Homer Simpson and Peter Griffin, soul mates and rivals. (© 2014 TCFFC)

Fox’s “Family Guy” and “The Simpsons” have had their issues over the years — namely as diehard fans accuse each powerhouse animated comedy of stealing content from the other. So naturally, they took some shots at each other during the heavily-promoted crossover episode on Sunday night, though they also teamed up to mock their other animated competitors as well.

This week, the biggest headline going into the crossover was the already-infamous rape joke in the beginning of the episode, when “Family Guy” baby Stewie called Moe’s Tavern with Bart Simpson to make a prank phone call. (“Hello, Moe? Your sister’s being raped,” Stewie said gleefully after Bart taught him about prank calls.) Given that horribly offensive jokes on “Family Guy” are nothing new, that bit was overshadowed by all of the other inside jokes skewering the Fox animation line-up.

The set-up for the crossover: Peter starts drawing a cartoon for the local paper but is run out of town when it takes a misogynistic turn. The Griffins wind up in Springfield, having nowhere else to go when their car gets stolen, and the Simpsons welcome them into their home. Peter and Homer bond over donuts and beer but get into an epic fight; Stewie is enamored with Bart; Lisa tries to help Meg find a talent; Chris steals Maggie’s pacifier; and Brian has nothing but disdain for a real dog, Santa’s Little Helper.

Anyway, here are some of the things they mocked:

* Crossovers in general.

The episode was technically the “Family Guy” season premiere (and written almost entirely by “Family Guy” writers). At the very beginning, the Griffins were sitting around watching a “Modern Family”/”All in the Family” crossover.

“Yay! A crossover always brings out the best in each show,” Chris says. “It certainly doesn’t smack of desperation. The priorities are always creative and not driven by marketing or — ”

“Okay, that’s enough,” Stewie interrupts.

* Lack of “Family Guy” Emmy Awards.

During an epic fight with Peter, Homer opens a case of Emmy  trophies — of which “The Simpsons” have many — and starts hurling them at Peter’s head. “Hey that’s no fair,” Peter yells. “I don’t got none of them!” (That’s only unfortunate timing because “The Simpsons” was left out of the Emmys race this year.)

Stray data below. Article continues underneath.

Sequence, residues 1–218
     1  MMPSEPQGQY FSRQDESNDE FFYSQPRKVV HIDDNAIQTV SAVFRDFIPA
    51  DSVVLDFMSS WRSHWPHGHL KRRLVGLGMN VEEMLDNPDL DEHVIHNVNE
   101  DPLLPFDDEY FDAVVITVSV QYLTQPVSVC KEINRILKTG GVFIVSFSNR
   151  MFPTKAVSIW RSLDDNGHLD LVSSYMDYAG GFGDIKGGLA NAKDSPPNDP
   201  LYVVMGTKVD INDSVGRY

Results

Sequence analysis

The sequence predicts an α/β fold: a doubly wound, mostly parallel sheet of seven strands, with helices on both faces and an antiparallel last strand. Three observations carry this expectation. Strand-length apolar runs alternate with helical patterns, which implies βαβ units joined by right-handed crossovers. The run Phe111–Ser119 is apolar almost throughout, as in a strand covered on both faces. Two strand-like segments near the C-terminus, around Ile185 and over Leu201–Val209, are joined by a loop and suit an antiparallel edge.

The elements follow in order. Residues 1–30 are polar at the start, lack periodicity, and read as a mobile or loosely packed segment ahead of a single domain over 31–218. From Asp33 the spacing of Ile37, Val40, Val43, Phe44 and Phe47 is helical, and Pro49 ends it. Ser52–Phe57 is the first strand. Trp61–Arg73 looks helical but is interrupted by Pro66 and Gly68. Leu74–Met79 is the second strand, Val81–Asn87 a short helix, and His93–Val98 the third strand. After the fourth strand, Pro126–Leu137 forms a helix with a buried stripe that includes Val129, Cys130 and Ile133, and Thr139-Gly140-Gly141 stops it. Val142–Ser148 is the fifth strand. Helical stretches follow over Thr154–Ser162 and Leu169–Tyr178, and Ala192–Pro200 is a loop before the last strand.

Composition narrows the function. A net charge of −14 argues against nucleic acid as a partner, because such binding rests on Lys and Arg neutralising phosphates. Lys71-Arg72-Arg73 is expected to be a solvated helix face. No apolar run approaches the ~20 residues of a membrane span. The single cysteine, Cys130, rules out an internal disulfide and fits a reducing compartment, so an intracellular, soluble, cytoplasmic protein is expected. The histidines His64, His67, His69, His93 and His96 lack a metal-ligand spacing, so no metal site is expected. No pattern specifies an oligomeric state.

* The fact that “The Simpsons” isn’t funny anymore. 

After Homer accidentally causes Peter to lose his job, Peter goes on a not-so-subtle rant against him: “You know, when I first met you, I thought, ‘Hey! I love this guy. This is the funniest guy I’ve ever met, I’m gonna quote this guy to all my friends. I love his town, I love his family,'” Peter rages. “But now, I think I speak for all of us when I say ‘I am over the Simpsons.'”

“What are you saying?” Homer gasps.

“I’m saying ‘The Simpsons’ suck!” Peter yells.

* “Bob’s Burgers,” “The Cleveland Show” and Fox scheduling. 

Looks like Seth MacFarlane might be a little bitter about his series “The Cleveland Show” getting canceled while Fox’s animated “Bob’s Burgers” flourishes. (“Bob’s Burgers” eventually bumped “The Cleveland Show” to land a coveted Simpsons lead-in on Sunday nights.) During a bit while Homer and Peter are flying in an airplane, they look behind them and see Bob of “Bob’s Burgers” in the seat behind them.

Homer: “What’s he doing here?”

Peter: “We gotta carry him cause he can’t fly on his own.” (zing!) “We let that other guy try and look what happened.”

Cut to: Cleveland of “The Cleveland Show” in an airplane on fire, going down in flames.

* Claims that the shows steal from each other. 

There were lots of classic “Simpsons” lines uttered by “Family Guy” characters (Peter got to say “Mmmm, donuts,” while Stewie tells school bully Nelson to eat his shorts) but the episode also managed a self-deprecating dig about joke theft.

“Stewie! What the deuce?” Bart yells (borrowing Stewie’s catchphrase) after he finds out Stewie kidnapped Nelson.

“Oh, that’s nice, you got that from me,” Stewie says. “Because you know, I was starting to worry this was a one-way thing.”

* The ultimately real — but peaceful — rivalry between the shows.

At the end of their fight, Peter and Homer decide to remain friends and reference their rivalry once more. “Even if we don’t work as best pals, I respect you,” Peter says.

“You too. Let’s just agree to stay a half hour away from each other,” Homer replies.

“With a pile of garbage between us,” Peter adds.

That would be another burn on “Bob’s Burgers,” formerly nestled on the schedule between the two shows — except that “Brooklyn Nine-Nine” got the time slot this year.